Terpenes & Full Spectrum Hemp Oil Extraction
Posted by Susan Shillue on 11th Jun 2018
The World of Terpenes
A major component and reason we extract the way we do is because the process provides us with a FULL-SPECTRUM OIL that includes not only all of the beneficial cannabinoids found in the hemp plant, but also the terpenes.
Terpenes may be a new term for you, but chances are, you’ve had some interactions with them. Terpenes refer to the compounds found in the essential oils of a plant, and are most prominent in citrus and conifer trees. It’s the scent you pick up when the wind blows through a rose garden. It’s the smell you inhale when breaking up rosemary stalks. It’s also that strong aroma you get standing in a dense pine forest.
And it’s the distinct flavor you experience when you taste our honey or drop our extract on your tongue.
Many herbs, fruits, vegetables and flowers contain terpenes. Originally the development of terpenes in the plant world was to ward off predators and entice pollinators, but they have come to serve a bigger purpose, especially in the cannabis plant.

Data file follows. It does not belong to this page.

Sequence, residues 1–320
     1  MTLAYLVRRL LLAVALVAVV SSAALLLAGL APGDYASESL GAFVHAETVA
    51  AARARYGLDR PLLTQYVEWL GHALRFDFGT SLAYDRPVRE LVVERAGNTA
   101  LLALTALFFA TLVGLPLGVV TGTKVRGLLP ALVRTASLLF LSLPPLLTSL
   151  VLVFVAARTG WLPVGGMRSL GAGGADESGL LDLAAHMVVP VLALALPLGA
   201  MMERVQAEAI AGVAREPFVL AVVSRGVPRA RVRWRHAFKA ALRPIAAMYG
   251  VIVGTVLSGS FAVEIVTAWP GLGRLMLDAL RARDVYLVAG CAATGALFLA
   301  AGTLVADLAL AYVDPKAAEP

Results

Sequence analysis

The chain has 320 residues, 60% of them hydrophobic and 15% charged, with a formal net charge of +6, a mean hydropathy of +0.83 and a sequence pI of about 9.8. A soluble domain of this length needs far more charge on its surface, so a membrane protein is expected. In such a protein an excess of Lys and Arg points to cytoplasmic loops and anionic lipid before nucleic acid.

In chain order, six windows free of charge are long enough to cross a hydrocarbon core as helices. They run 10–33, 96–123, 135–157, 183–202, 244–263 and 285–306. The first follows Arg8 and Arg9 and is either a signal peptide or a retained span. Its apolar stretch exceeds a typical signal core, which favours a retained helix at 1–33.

In cannabis, terpenes play a major role in more ways than one. The delicious flavors and unique smells are an amazing benefit, but one of the most important roles of the terpene is being able to interact and work synergistically with the other cannabinoids and compounds in the plant. Some refer to this as the “entourage effect”. The “entourage effect” refers to the team work that happens between all the compounds of the plant and the human body. The terpenes fall into that entourage and they help to keep our products unique and of the highest quality.
There are known to be over 200 terpenes found in the cannabis plant, but there are a few that are most commonly found.
Myrcene: this terpene is associated with an earthy smell, one which also occurs in many plants such as hops, ylang-ylang, lemongrass and thyme. Mangoes are especially high in myrcene.
B-Caryophyllene: a spicy, peppery terpene found in spices such as cloves, cinnamon and basil.
A-pinene: terpene associated with (you guessed it) a pine tree forest. This terpene can also be found in orange peels, rosemary & dill. Smells are light and fresh.
Ocimene: is associated with a sweet and herbaceous aroma which can be found in plants such as mint and parsley.